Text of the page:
George Murgatroyd Woodward was born in the parish of St Giles-in-the Fields in the spring of 1766. His father William was a successful surveyor who kept his offices in Lincoln’s Inn Fields. William regularly travelled throughout the country mapping the estates of great landowners and it was during one of these trips that he came to the attention of the second Earl of Stanhope. The Earl was so impressed with William’s work that he offered to make him his land agent, a post which effectively made the surveyor responsible for the day-to-day running of the Earl’s huge estate. The position came with a grace-and-favour home in Derbyshire and from 1775 until his death in 1817, William would reside in the village of Stanton-by-Dale. The family also retained a London residence, at No. 28 Carey Street in Holborn, for the purposes of allowing young George to complete his education in more civilised surroundings.
George’s teenage years were spent assisting his father in the management of the Stanhope family’s estates in Derbyshire, Buckinghamshire and Devon. It was a job he undertook competently but with little real enthusiasm, for George had discovered that he had a talent for making people laugh and harboured dreams that he might return to London and live on his wit. Perhaps against his better judgement, William was persuaded to allow his son to return to the great metropolis at the age of 18 and pursue a career in comedy. Bolstered by an allowance of £50 a year from his father, George immediately set about publishing his own caricatures from the house on Carey Street. These early prints led to commissions from two of the city’s leading satirical print-publishers, William Holland and Samuel Fores, both of whom were constantly on the lookout for artists capable of supplying them with ideas for fresh designs.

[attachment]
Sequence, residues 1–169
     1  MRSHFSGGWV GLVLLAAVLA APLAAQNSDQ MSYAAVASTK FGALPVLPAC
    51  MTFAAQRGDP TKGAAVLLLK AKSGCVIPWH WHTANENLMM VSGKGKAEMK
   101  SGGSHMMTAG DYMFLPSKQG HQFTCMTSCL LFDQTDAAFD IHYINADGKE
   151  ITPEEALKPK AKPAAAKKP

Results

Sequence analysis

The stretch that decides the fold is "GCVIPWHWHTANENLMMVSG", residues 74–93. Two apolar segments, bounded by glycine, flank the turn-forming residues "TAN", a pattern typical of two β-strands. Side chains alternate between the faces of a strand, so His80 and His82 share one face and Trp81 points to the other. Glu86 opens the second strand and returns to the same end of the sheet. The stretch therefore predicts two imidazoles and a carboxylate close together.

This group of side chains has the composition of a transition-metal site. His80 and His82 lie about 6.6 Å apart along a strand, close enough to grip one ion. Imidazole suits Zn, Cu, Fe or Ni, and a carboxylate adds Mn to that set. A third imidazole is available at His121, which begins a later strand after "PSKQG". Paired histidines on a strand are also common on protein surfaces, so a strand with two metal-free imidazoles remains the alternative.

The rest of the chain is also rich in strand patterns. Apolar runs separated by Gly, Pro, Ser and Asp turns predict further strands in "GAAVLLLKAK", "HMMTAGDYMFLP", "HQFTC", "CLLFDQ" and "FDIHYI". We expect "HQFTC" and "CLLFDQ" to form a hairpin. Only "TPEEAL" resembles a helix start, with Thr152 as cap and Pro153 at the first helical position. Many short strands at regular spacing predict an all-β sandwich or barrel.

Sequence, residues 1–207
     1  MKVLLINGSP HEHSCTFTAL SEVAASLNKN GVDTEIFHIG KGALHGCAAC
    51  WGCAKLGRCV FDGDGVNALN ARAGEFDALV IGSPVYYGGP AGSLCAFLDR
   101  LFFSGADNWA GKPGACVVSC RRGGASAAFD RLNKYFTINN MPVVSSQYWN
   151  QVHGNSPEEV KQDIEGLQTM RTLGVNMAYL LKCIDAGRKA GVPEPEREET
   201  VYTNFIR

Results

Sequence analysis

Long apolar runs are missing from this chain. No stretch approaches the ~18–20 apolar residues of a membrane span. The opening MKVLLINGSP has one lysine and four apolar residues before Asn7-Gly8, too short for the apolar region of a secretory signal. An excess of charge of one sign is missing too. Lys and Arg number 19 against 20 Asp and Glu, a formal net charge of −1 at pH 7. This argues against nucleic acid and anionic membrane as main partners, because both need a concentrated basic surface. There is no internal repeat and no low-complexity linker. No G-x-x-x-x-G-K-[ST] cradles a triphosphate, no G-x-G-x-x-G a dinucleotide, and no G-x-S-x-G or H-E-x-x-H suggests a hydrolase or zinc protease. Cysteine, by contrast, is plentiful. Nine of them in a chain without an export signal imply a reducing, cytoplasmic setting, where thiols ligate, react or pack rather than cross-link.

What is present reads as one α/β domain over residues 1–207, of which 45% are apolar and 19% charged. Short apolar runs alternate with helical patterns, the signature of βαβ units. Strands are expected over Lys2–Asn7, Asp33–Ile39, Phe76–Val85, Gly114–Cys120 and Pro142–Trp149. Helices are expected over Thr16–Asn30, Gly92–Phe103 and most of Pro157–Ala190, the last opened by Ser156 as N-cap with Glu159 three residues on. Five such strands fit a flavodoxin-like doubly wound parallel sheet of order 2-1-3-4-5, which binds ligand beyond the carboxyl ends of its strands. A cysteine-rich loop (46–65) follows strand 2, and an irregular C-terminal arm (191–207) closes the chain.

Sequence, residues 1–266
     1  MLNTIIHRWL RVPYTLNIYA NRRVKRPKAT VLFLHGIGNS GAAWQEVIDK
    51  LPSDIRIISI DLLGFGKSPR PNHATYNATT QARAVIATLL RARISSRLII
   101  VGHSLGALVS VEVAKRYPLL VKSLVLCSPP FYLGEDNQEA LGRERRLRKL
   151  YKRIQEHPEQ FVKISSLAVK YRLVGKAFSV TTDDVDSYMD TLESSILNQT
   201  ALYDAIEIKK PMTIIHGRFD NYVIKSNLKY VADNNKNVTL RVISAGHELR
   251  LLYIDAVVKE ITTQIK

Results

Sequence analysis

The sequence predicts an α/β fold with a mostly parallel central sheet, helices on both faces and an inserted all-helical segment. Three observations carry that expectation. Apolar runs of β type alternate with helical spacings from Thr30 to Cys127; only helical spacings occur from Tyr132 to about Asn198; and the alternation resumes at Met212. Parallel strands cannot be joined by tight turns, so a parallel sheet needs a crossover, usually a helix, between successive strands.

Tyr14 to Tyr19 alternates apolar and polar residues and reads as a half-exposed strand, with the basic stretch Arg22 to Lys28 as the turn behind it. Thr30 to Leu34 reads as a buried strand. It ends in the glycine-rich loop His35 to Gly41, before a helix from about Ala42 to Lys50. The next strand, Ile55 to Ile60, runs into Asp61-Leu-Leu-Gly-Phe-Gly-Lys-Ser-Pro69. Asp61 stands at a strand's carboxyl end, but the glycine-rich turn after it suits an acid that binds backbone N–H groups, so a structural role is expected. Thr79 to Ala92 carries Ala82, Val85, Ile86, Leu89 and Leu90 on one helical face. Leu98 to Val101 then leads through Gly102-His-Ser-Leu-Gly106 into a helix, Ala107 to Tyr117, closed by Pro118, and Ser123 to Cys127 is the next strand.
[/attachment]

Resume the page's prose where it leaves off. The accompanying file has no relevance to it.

Woodward was an adequate artist but lacked the technical knowledge required to transfer his ideas onto copper plates for printing. However, his designs were evidently good enough to warrant the additional cost associated with pairing him up with a professional engraver and during the course of his career he would collaborate with the likes of Thomas Rowlandson, Isaac Cruikshank and Richard Newton. He also wrote well and contributed humorous poems, stories and essays to the magazines and journals of the day. In 1796 he brought the two strands of his career together in what became his most famous work – Eccentric Excursions, or Literary and Pictorial Sketches of the Countenance, Character and Country, in Different Parts of England and South Wales, which consisted of a series of humorous anecdotes decorated with a hundred engraved plates by Isaac Cruikshank.
Woodward pursued a successful career as a humorist for a period of around twenty years – the extent of his achievements being measured by the fact that he was one of the few caricaturists of the period whose name carried sufficient cache to make it worthy of mention in publisher’s advertisements . But he derived little material benefit from the success, squandering what money he made on an ever increasing appetite for drink and louche sociability. By the mid-1800s he was effectively homeless, lodging in a room above the Southampton Arms in Chancery Lane when he had money and dossing down in the taproom of his favourite watering hole – The Brown Bear in Bow Street – when he did not. His health inevitably deteriorated and by the winter of 1809 he was suffering from dropsy. An obituary published in the Gentleman’s Magazine describes how he met his end: